Conflict & Justice

Immigration video game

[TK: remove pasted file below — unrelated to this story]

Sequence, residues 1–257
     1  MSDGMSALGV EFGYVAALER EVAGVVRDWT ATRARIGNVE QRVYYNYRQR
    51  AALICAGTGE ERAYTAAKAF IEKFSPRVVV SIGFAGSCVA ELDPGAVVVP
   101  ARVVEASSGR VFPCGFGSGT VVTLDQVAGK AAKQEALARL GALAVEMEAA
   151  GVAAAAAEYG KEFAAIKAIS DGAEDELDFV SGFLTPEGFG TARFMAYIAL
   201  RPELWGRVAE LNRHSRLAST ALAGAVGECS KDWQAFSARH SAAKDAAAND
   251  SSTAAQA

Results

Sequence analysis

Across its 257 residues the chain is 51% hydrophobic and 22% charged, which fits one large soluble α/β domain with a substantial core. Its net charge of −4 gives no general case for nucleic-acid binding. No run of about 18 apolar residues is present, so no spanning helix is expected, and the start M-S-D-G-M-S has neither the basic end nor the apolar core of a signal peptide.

When this man was five, his parents came to the US from Mexico on visitors visas. They decided to stay and build a better life and when their visas expired, the man became an undocumented immigrant. That man isn't real, he's a character in the video game �Iced.� His story is based on real stories. Players can be one of five characters, including an asylum seeker from Haiti, a student from Japan and two green card holders. �Iced� is modeled after �Grand Theft Auto.� Ultimately there's no way to avoid detention and you can be kept in jail or even deported but the outcome is always random, regardless of the choices you make during the game. That's how America's immigration policies work, according to the director of the organization that developed the game. That's serious material for kids seeking to play video games, so I met up with two kids in Harlem and asked them if the video game is fun to play. These kids seem to think so. At one point they stop to consider one question raised by the game. This 18 year old says he never thought much about what it would be like to be an undocumented immigrant. Some people are concerned the game is teaching the wrong lesson, and say the game is unbalanced. This fellow at a conservative think tank says the game doesn't explore the negative impact of illegal immigration on jobs or health care, for example. The organization that developed the game has big plans for the video game.

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